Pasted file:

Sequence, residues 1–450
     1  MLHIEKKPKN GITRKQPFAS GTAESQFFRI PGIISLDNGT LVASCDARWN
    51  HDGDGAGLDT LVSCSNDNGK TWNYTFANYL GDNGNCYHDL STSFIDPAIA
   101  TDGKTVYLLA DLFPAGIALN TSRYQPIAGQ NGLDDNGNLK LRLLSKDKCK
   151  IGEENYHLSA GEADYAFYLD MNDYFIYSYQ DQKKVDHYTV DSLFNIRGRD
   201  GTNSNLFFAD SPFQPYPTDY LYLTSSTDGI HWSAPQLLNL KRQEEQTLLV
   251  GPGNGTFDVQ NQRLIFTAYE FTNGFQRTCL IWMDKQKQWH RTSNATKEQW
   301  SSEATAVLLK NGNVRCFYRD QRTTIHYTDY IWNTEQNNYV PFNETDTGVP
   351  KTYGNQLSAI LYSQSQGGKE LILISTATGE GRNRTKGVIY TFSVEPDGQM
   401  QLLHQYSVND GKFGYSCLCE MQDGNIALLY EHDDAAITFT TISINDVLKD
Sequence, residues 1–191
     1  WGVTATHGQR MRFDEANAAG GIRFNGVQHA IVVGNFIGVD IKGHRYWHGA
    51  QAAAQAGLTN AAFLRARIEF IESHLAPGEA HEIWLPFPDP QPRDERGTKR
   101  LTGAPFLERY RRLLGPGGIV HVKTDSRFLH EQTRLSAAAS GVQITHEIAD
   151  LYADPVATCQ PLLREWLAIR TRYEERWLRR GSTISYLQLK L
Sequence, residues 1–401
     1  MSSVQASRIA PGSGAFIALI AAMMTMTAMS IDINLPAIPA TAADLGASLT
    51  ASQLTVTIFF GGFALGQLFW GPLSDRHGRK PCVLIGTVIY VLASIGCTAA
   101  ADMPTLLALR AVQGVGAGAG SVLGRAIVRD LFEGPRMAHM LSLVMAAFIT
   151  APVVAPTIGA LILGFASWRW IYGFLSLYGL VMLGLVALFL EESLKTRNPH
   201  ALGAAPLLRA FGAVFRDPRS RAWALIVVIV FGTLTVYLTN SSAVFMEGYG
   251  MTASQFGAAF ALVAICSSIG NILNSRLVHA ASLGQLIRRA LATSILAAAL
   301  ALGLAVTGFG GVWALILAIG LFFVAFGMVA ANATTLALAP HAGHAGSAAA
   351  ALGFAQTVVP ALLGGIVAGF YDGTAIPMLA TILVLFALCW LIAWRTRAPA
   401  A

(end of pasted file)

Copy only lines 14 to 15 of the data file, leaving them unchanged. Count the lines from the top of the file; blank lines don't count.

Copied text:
   101  LTGAPFLERY RRLLGPGGIV HVKTDSRFLH EQTRLSAAAS GVQITHEIAD
   151  LYADPVATCQ PLLREWLAIR TRYEERWLRR GSTISYLQLK L